The majority of Australia Day revellers in NSW behaved well and enjoyed the festivities in safety, although around 100 people were arrested and charged after going too far, police say.
Adding to this was a separate police operation targeting the Big Day Out at Sydney Olympic Park where more than 120 people were arrested and charged with drug and other offences.
More than 2000 officers were deployed across the state in Operation Shoreline on Sunday, targeting anti-social behaviour and alcohol-related crime as people celebrated Australia Day.
During the operation, 100 people were arrested and charged with a total of 127 offences including assault, affray, assault/hinder police, offensive behaviour, breach bail and drink-driving, police said.
Operation Shoreline Commander, Assistant Commissioner Mark Murdoch, said the majority of people enjoyed Australia Day events without incident and returned home safely.
"The small number of people that chose to do the wrong thing were targeted and swiftly dealt with by police," he said in a statement.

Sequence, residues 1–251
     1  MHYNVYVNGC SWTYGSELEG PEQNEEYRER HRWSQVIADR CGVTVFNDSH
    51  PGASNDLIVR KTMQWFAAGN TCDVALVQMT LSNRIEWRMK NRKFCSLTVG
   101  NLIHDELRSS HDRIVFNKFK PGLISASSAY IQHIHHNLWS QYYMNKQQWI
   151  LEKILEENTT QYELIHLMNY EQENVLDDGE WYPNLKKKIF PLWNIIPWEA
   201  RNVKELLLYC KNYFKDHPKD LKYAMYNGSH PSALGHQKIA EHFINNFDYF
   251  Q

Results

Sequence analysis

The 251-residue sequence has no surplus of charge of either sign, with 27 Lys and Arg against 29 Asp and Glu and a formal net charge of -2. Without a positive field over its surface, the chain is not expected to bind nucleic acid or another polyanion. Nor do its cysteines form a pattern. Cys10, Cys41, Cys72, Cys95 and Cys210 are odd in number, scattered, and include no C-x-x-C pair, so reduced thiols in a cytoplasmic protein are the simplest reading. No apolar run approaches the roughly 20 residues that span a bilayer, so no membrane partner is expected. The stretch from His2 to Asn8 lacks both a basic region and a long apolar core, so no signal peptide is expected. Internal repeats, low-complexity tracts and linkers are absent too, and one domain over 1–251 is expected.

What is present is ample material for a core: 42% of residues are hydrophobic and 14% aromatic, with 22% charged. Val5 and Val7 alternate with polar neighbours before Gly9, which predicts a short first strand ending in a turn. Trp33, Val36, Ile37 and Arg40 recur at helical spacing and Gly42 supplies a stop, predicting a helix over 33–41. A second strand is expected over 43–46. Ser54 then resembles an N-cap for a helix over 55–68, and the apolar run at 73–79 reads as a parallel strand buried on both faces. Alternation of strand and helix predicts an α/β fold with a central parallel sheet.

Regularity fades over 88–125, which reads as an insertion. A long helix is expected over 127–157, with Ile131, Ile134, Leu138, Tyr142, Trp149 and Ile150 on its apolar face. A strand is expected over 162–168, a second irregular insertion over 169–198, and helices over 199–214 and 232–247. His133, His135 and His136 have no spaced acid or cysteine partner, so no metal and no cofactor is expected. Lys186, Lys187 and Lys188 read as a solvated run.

Mr Murdoch said excessive alcohol consumption was again of concern and he urged those continuing celebrations on Monday to do so responsibly and stay safe.
More than 30,000 music fans attended the Big Day Out at Sydney Olympic Park where drug-detection dogs conducted more than 570 searches of people and police arrested and charged 122 revellers.
Of those, 71 were charged with drug possession and two for drug supply, while 25 people were issued with cannabis cautions and three were charged for offensive behaviour.
Police also seized alcohol from ticketholders on their way to the festival, with 10 under-aged youths dealt with over alleged possession of liquor.
Hundreds of people were also refused entry or ejected from the venue for inappropriate and anti-social behaviour, police said.
South West Metropolitan Region Commander, Assistant Commissioner Frank Mennilli, said the majority of people enjoyed their Big Day Out safely.
"It was disappointing to see that some people in the crowd refused to heed our warnings and insisted on doing the wrong thing.
"We continually reminded ticketholders that prohibited drugs were not only illegal, but also highly dangerous and potentially life-threatening, yet some still believed they were above the law," Mr Mennilli said.